Who prays, but in thy bounty’s large excess
Thou oftentimes dost even forerun the prayer.

In thee is pity, in thee tenderness,
In thee magnificence, in thee the sum
Of all that in creation most can bless.

The sublime beauty of these words explains itself. The Blessed Virgin Mary stands as the crown jewel of God’s creation, and as the model of what God can do in the lives of those willing to be filled with his grace. The Original Sin was a sin of pride and a sin of the flesh, and in Mary God displays his power to triumph over our pride and destructive self-indulgence.

The key to sharing in the victory enjoyed by Mary—which is the victory of her divine Son—is to become humble before the Lord, perhaps not a difficult thing to do when we have been so humiliated by the sins of so many in the Church. The Blessed Virgin herself testifies to the critical role humility plays in our salvation in the Gospel appointed for the Assumption, which includes Mary’s Visitation to Elizabeth and her Magnificat, a song of praise that in beauty and truth exceeds the words of Dante, Wordsworth, and all the poets of all the ages:

My soul proclaims the greatness of the Lord;
my spirit rejoices in God my Savior
for he has looked with favor on his lowly servant.

From this day all generations will call me blessed:
the Almighty has done great things for me
and holy is his Name.

He has mercy on those who fear him
in every generation.

He has shown the strength of his arm,
and has scattered the proud in their conceit.

He has cast down the mighty from their thrones,
and has lifted up the lowly.

He has filled the hungry with good things,
and the rich he has sent away empty.

He has come to the help of his servant Israel
for he has remembered his promise of mercy,
the promise he made to our fathers,
to Abraham and his children forever.

There is no “cheap grace”, and there will be no quick resolution to the current crisis in the world around us. But grace will triumph, because Christ is risen and he has conquered sin and death. For proof of his victory, we need look no further than to our Blessed Mother, who reigns as Queen of Heaven and Earth. She cares for us and will help us, especially in this very dark hour.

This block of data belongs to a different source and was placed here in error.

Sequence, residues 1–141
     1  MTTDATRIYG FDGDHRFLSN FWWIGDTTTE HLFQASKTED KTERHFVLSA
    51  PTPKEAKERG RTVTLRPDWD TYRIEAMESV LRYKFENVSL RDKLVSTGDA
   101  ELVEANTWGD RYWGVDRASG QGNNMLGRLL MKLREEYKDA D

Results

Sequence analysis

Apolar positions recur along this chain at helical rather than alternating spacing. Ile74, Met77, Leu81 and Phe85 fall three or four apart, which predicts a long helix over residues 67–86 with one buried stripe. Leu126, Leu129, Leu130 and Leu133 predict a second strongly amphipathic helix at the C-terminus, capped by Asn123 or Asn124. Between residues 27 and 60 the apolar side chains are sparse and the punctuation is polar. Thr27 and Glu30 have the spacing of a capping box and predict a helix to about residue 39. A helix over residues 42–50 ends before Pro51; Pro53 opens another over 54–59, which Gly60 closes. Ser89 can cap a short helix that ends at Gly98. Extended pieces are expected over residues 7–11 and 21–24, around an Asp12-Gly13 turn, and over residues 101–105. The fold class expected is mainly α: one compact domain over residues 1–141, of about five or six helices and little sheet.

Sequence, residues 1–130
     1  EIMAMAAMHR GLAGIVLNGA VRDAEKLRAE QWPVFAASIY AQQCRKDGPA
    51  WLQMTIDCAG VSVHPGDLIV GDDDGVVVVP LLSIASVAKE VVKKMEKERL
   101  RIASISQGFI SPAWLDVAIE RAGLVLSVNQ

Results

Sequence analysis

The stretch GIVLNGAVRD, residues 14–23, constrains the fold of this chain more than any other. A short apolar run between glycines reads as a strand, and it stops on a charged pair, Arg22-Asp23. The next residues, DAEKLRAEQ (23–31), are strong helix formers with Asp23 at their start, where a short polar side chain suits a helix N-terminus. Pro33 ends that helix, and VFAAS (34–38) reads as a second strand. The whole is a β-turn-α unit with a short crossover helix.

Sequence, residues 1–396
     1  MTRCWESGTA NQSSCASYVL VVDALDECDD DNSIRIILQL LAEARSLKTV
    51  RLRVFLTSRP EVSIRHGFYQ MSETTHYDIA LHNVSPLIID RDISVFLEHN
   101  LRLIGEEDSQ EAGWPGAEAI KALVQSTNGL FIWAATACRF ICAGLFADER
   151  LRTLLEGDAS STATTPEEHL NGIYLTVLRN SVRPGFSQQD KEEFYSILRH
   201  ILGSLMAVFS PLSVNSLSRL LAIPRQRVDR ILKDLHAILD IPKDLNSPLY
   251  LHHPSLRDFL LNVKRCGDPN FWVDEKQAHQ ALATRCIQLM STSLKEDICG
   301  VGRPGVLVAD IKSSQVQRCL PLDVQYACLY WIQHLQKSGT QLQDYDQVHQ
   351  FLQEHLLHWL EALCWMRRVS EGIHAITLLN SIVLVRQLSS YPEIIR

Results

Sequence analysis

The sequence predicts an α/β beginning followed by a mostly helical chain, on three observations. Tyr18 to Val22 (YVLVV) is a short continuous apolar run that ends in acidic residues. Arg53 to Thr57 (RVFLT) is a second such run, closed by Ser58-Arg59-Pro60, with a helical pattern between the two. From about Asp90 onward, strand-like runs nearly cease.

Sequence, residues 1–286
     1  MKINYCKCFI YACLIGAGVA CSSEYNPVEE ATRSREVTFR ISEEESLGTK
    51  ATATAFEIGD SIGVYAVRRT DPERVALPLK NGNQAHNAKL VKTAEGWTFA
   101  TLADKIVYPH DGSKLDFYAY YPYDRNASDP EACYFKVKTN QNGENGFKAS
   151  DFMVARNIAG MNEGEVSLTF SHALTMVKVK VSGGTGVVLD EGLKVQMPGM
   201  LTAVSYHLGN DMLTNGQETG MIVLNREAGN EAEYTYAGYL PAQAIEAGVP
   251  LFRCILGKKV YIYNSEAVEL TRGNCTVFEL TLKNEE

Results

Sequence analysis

May the radiant beauty of the Blessed Virgin Mary be for us a source of hope and strength to us in these days. And may we never fail to seek her help as we confront sin and its consequences, striving to draw all of Mary’s wounded and scattered children closer to her.

(Editor’s note: This essay was originally posted at CWR in slightly different form on August 15, 2018.)

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About Fr. Charles Fox 87 Articles
Rev. Charles Fox is an assistant professor of theology at Sacred Heart Major Seminary, Detroit. He holds an S.T.D. in dogmatic theology from the Pontifical University of St. Thomas Aquinas (Angelicum), Rome. He is also chaplain and a board member of Saint Paul Street Evangelization, headquartered in Warren, MI.


  1. What I love about Mary is that she wasn’t sinless because she was “full of Grace,” as though that rendered her incapable of sinning like a programmed robot. On the contrary, she was full of grace because she heroically chose not to ever sin, even in situations where the rest of us would have been angrily shaking our fist at God.